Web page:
Stellplätz – “Stopping place”
A Stellplatz is a stopping place where you can spend at least one night camping in your motorhome.
It is not a campsite.
Facilities vary from place to place.
The focus of a German Stellplatz is to provide a place to park for the night, somewhere to sleep.
A motorhome icon will identify a stellplatz, and these will often have parking or camping charges per hour or per night displayed. There is generally a limit to how long you may stay at a stellplatz and this is normally displayed on a sign. Expect this to be in the order of two or three days/nights. Sometimes a stellplatz may only be available on certain days of the week. Again this limitation will be displayed. Many stellplatz are run by local councils, but there are also privately run sites at service stations, marinas, vineyards, and even alongside campsites. They vary in their attractiveness from tidy, picturesque and quiet park-like areas to active, noisy places at the back of busy service stations.
Even the least attractive stellplatz is preferable to spending the night on a service area on the autobahn. We don’t recommend autobahn service areas as overnight stops due to security concerns. There are sufficient stellplätze that you should never need to do this. Whilst they may be more like car parks than campsites they’re usually safe and you’ll probably be in the company of other campervans.
Although the focus of a stellplatz is providing an overnight stopping place, most sites now offer at least some services such as fresh water, toilet and grey tank emptying facilities and even power connection. The stellplatz guide books detail the facilities available at each place – see “Finding Stellplätze” below. At sites without facilities there is usually a sign directing you to the nearest service point – though you may have to brush-up on your German.
Facilities are usually provided by a standardised service post manufactured as a unit and installed at the site. The most commonly seen version is the “Holiday-Clean” which has a common emptying point for grey and black water beneath a lid at the base. This can be flushed by pressing a button on the front of the post. Using the drain service is free however there is a charge for fresh water and connection is made to the outlet by a half inch thread hose fitting. If there is a “drive-over” drain this will be intended for grey water only and not for toilet waste.
Another commonly seen service unit is the “Sani-Station”. These are a little more sophisticated, everything being coin operated and controlled by a timer. Have everything ready before you put your coin in the machine! Having inserted the correct coin a green light will come on and you then select which function you wish to use – dumping or fresh water. For dumping a shutter will open allowing emptying of a grey tank (you’ll need a hose) or toilet waste.There will be a short hose there for flushing the waste drain. You will be warned that the shutter is about to close by a beeping sound and you’ll have time to quickly insert another coin to keep the shutter open if necessary. If you’ve selected fresh water then the supply will be cut after a certain length of time. Below is a “Sani-Station” service point.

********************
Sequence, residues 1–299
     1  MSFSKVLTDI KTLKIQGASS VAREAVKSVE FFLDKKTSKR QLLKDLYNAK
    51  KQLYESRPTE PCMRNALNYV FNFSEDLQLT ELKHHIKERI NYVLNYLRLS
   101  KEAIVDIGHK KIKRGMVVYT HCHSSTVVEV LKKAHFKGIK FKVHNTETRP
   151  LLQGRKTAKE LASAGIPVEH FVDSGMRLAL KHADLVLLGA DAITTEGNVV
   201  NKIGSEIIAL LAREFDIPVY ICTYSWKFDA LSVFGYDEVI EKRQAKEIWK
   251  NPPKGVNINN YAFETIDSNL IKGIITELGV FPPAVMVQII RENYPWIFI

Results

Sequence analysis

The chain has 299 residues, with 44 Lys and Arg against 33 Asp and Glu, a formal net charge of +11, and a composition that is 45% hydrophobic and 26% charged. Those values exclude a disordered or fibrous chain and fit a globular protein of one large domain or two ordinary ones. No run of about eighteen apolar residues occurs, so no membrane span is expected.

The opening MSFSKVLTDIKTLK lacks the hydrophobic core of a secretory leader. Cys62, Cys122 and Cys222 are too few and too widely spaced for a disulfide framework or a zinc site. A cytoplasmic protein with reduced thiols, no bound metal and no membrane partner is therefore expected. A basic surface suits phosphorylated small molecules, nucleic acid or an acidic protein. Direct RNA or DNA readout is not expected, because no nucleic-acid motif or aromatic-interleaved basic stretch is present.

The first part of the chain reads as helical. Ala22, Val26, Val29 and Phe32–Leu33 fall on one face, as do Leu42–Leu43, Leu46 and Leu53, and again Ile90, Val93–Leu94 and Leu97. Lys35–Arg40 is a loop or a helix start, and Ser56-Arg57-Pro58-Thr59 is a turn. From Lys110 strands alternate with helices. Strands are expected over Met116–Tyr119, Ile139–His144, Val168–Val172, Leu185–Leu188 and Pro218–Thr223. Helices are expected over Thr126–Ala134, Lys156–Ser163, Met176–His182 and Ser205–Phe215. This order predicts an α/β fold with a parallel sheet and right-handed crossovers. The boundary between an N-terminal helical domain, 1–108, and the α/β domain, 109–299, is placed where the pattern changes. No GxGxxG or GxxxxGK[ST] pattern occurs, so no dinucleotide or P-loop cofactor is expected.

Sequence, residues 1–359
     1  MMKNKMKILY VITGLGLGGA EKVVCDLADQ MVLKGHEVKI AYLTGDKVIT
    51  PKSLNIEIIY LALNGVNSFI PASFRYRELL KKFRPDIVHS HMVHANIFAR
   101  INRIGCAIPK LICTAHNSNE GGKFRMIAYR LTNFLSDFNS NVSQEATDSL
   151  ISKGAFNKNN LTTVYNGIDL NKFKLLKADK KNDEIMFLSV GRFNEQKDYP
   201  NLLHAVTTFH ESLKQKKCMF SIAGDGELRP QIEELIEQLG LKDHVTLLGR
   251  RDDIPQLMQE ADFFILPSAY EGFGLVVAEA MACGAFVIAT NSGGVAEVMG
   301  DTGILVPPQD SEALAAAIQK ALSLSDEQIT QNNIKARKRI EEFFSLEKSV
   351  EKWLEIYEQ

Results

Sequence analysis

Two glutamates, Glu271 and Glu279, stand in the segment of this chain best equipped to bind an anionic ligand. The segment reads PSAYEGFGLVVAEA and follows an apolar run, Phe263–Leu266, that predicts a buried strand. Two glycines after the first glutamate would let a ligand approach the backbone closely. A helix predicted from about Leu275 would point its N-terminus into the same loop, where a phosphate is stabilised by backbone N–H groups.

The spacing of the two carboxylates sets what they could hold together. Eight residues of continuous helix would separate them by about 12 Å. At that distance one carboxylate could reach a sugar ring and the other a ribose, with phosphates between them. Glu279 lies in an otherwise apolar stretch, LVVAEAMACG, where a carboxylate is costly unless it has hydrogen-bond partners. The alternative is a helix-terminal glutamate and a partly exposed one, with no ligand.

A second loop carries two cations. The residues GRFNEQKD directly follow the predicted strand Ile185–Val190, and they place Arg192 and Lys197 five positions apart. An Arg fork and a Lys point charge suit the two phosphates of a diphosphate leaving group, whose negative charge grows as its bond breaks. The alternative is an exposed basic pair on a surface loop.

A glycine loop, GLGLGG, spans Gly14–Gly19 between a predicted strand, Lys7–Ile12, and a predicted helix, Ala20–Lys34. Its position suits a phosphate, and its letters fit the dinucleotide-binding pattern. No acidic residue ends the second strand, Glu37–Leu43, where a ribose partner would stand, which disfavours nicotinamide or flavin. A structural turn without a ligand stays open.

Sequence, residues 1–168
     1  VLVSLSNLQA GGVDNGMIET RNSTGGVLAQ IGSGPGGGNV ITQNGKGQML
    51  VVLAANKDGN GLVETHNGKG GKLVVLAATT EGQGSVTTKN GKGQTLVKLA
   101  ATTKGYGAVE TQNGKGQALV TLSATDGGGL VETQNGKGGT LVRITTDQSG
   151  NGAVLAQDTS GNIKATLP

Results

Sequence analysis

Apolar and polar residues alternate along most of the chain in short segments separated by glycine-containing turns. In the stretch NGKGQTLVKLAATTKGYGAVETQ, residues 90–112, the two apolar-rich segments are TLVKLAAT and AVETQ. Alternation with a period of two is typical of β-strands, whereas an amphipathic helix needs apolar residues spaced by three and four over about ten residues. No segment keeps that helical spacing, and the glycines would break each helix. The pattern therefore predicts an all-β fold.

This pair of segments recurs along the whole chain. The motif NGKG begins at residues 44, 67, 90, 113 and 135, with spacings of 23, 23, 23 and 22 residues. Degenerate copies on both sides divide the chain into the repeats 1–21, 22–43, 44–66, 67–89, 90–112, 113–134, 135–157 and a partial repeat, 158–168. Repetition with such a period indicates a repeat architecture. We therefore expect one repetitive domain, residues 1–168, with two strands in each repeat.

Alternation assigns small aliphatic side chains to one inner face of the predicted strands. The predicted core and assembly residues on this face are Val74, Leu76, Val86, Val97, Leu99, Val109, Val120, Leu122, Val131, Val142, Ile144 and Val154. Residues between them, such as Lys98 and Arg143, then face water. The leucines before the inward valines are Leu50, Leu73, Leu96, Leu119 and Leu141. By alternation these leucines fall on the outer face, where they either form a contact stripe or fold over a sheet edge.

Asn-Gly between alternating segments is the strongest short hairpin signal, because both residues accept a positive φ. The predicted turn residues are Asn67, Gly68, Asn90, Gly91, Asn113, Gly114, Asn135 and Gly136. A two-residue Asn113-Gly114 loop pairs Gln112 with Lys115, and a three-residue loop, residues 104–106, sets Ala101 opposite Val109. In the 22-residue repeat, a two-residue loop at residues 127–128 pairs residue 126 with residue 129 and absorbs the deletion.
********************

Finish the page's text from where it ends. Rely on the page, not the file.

A third popular model of service unit is the “ST-SAN”. These are stainless steel and have a “drive-over” drain in the ground a couple of metres away. Open the lid then drive over the drain to empty your tanks. They can be used for both grey and black water. There will be a knob on the front panel of the box for flushing the drain, and on the side will be a coin operated fresh water supply. Most stellplatz service points are frost protected but if you’re touring in winter you may find some of them turned off if they’re not protected against freezing.
Some stellplatz offer electricity hook ups. These are usually the blue CE sockets seen at campsites but the supply is generally limited to 4.0 amps. Don’t expect to run a heater. Fees vary but expect to pay by the kilowatt hour or for a set length of time such as ten hours. Occasionally electricity is free or included with the overnight parking fee, but this is the exception rather than the rule. You may find that there aren’t enough hook-ups for everyone on the stellplatz so if you’re one of the later arrivals you might miss out.
You can find stellplatz guide books at camping stores, motorhome dealers, book shops, railway stations published by a major German motorhome magazine. It can be ordered on-line at http://www.bordatlas.de/ It’s in German but easily understood due to the many symbols used throughout. It also provides geographic coordinates for GPS use.
There are also on-line directories of stellplätze. Have a look at http://touring24.info/index.asp
Locally there are black and white signs indicating the location of a stellplätze. In the picture below, on the car park to the right is a Stellplatz near Eberbach where two motorhomes are parked for the night:-
Obviously if there is a service point at the stellplatz you’ll have to insert coins to use the facilities. Few if any machines will accept credit cards so keep a supply of 50c, 1€ and 2€ coins on hand. The French Jeton (token) system is not used in Germany.
For your overnight stay there may be a pay and display machine similar to those found on some car parks. Alternatively someone may come round to collect the fee, and there may be a box for you to leave your payment if you leave before the warden arrives.
At privately run stellplätze you are expected to approach the service station, marina office, vineyard owner etc yourself and offer your payment.The information given on this website is based on the opinions of the author and readers act on this information at their own risk. It is recommended that all readers check this information independently before using it.